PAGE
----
Games-North Korean weightlifters set another world record, dominate in Hangzhou

By Martin Quin Pollard

HANGZHOU, China (Reuters) -North Korea’s weightlifters once again crushed the opposition at the Hangzhou Asian Games on Monday with another world record and two more golds, triggering admiration and astonishment from some of their competitors.

The eye-catching world record on Monday came from Kim Il Gyong, 20, who lifted 111kg in the snatch on her way to gold in the women’s 59kg category.

That beat the previous record of 110kg set in 2021 by Taiwan’s Kuo Hsing-chun and came after two other women’s world records were set by Kim’s team mates on Saturday.

“We have very good training facilities and we put in a lot of hard work,” Kim said when asked how her team had done so well, after a medals ceremony in which she cried during the national anthem.

But her rivals either declined to comment or expressed shock.

Kuo, 29, said of the world record set on Saturday by Ri Song Gum: “The 49kg, I actually came to watch that day and when I saw it, I said it was just too scary.

“They (North Korea) have been strong in the past for many years so it is not too surprising that they would have such results, but it is still pretty scary.”


The 19th Asian Games is North Korea’s first major weightlifting competition since December 2019 due in part to COVID-19 and they may be benefiting from skipping competitions, including last month’s world championships in Riyadh.

Their absence means they have not had to deal with post-competition recovery, several observers and athletes said.

“We have not competed internationally for four years,” said Kim’s team mate Rim Un Sim, who won North Korea’s other gold on Monday in the women’s 64kg and set an Asian Games record.

“In that time we have shed tears and a lot of sweat.”

Kim had given an early indication that she was serious about winning gold by opting to make her first lift in the snatch at 103kg, a weight so high that only one of her rivals, China’s Luo Shifang, was still in contention after passing that weight.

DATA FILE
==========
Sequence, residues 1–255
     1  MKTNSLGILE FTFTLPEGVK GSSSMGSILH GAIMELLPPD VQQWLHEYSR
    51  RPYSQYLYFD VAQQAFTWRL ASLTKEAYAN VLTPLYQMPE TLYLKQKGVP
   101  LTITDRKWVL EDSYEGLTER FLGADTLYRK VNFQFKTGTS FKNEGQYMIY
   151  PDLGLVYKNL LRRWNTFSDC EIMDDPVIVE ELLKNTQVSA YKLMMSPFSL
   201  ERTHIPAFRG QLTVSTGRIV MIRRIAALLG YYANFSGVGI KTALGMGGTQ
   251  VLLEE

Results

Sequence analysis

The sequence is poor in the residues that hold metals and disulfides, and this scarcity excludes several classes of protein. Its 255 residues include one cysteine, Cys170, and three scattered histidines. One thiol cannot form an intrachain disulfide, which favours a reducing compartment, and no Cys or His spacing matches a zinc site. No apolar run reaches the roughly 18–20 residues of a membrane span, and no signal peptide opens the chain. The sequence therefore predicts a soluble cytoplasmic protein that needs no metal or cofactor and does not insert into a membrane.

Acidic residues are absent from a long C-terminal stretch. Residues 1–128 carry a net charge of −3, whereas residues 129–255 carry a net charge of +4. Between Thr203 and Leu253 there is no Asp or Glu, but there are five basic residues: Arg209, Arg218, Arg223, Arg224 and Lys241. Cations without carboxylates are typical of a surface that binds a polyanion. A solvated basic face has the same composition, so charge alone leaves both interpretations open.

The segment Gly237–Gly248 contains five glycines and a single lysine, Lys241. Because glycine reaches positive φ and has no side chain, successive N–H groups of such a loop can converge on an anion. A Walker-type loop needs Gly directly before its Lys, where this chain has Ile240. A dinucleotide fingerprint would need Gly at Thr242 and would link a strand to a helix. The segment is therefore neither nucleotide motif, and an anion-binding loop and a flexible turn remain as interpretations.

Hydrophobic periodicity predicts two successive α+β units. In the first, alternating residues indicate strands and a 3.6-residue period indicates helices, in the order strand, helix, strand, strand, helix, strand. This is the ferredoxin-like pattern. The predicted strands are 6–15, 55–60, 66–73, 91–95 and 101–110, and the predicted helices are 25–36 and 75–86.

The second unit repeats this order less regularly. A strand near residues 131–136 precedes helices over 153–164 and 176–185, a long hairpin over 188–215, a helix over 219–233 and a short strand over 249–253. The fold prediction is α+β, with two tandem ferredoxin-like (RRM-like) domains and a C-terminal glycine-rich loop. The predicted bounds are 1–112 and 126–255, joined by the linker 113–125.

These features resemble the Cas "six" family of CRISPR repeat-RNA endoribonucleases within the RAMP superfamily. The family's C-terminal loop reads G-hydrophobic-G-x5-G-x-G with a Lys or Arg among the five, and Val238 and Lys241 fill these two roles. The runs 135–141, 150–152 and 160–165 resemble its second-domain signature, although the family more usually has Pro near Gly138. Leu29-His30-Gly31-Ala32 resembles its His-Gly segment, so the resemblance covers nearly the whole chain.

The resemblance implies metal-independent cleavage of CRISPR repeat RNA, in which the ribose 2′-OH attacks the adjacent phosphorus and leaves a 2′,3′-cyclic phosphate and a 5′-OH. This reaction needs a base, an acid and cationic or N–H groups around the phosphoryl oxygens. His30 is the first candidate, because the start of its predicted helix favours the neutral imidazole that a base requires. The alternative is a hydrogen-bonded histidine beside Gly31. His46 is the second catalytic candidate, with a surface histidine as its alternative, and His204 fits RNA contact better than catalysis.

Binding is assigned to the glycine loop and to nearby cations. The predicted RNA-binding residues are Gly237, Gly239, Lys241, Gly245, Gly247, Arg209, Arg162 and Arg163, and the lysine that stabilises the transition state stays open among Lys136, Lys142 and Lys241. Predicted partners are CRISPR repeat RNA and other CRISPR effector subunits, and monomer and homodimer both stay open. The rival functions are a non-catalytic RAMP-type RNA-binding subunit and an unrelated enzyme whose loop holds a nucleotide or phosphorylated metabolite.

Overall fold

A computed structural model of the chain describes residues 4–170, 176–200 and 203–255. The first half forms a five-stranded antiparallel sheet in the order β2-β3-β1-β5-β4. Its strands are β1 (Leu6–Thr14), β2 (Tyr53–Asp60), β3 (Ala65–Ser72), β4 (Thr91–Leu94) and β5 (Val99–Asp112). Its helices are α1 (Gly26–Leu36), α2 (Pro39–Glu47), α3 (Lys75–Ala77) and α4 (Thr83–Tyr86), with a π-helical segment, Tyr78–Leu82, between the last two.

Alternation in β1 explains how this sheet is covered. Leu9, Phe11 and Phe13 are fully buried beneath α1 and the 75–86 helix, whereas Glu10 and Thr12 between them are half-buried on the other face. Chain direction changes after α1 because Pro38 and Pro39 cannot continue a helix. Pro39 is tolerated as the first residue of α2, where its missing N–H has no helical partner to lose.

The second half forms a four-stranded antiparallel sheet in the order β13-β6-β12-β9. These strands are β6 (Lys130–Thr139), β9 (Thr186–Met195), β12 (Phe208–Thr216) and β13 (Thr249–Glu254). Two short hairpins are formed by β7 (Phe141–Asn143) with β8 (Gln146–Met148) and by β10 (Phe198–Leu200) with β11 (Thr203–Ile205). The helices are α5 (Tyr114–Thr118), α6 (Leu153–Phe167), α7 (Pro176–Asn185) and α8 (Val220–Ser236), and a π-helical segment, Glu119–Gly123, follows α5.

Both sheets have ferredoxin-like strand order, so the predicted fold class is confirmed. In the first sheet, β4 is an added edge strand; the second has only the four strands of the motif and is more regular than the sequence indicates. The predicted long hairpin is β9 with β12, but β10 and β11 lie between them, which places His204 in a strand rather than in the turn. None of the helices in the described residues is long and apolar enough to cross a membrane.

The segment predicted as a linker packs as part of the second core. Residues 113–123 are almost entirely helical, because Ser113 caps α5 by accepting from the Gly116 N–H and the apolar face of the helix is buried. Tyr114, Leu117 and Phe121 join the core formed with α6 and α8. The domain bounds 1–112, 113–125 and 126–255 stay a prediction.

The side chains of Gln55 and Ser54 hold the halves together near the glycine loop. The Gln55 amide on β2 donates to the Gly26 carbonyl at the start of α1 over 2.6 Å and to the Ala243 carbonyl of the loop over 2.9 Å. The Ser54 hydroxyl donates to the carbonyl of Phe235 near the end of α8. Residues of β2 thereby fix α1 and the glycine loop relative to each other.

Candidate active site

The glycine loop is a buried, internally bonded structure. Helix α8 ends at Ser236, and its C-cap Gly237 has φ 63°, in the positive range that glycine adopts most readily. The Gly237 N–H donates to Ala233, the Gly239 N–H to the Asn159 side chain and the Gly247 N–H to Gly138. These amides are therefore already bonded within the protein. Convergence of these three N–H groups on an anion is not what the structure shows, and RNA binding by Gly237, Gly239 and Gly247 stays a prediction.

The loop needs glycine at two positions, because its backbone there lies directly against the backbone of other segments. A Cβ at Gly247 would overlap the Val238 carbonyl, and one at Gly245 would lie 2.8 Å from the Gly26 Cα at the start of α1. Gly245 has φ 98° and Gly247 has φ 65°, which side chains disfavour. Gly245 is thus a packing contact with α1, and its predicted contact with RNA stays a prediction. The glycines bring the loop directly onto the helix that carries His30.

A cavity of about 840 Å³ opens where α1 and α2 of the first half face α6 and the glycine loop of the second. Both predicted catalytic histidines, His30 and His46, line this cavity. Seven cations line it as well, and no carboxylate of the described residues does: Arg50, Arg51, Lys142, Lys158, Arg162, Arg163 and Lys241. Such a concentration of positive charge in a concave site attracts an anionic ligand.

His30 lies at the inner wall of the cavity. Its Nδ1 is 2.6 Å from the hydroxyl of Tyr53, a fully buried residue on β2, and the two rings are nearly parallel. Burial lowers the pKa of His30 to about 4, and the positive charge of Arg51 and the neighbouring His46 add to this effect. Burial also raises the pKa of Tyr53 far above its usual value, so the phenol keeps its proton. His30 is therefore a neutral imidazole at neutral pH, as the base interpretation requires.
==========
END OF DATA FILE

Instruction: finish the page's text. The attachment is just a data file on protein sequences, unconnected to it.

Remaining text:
World champion Luo, strongly supported by the several hundred in the crowd in the high school sports hall-type venue, matched Kim initially but then opted for 107kg with her third snatch, leaving the stage for Kim to set the world record.

The snatch is one half of the final where athletes hoist the bar up in one movement. In the other half, the clean and jerk, athletes first lift the bar up to sit on their shoulders and then attempt to push it above their heads in two movements.

Medals are awarded according to the aggregate of best lifts in snatch and clean and jerk.

In the clean and jerk, though appearing to grimace slightly more than in the snatch, Kim also made all three lifts. Her third was 135kg, 5kg shy of Kuo’s world record set in 2019, but enough for a Games record.

Her total weight lifted for the competition came to 246kg, also a Games record, but 1kg off Kuo’s world record set in 2021.


In a thrilling finale and roared on by the crowd, Luo attempted 140kg on her final clean and jerk lift which would have won gold and equalled Kuo’s world records.

But it was not to be and she had to settle for silver, with a total score of 240kg.

“Now the DPRK is ahead of us and we need to catch up,” said China’s weightlifting head coach Wang Guoxin.

North Korea is formally known as the Democratic People’s Republic of Korea (DPRK).

Tokyo Olympic champion and five-time world champion Kuo appeared unusually tentative and conservative in her weight choices and ended third with a total score of 227kg.

Kuo, 29, is hailed in Taiwan for having overcome a tough upbringing in a poor, single-parent family to achieve success and for being generous with her earnings.

Afterwards she tearfully admitted an injury, which has bothered her for a while, affected her performance.

She hopes to defend her Olympic title in Paris next year, but worries her body may not be up to it.

“You can’t be sure if you’ll be able to compete next time so you hope to do as well as possible each time,” she said, wiping back tears.

(Reporting by Martin Quin Pollard; Additional reporting by Ian Ransom; Editing by Nick Macfie, Robert Birsel)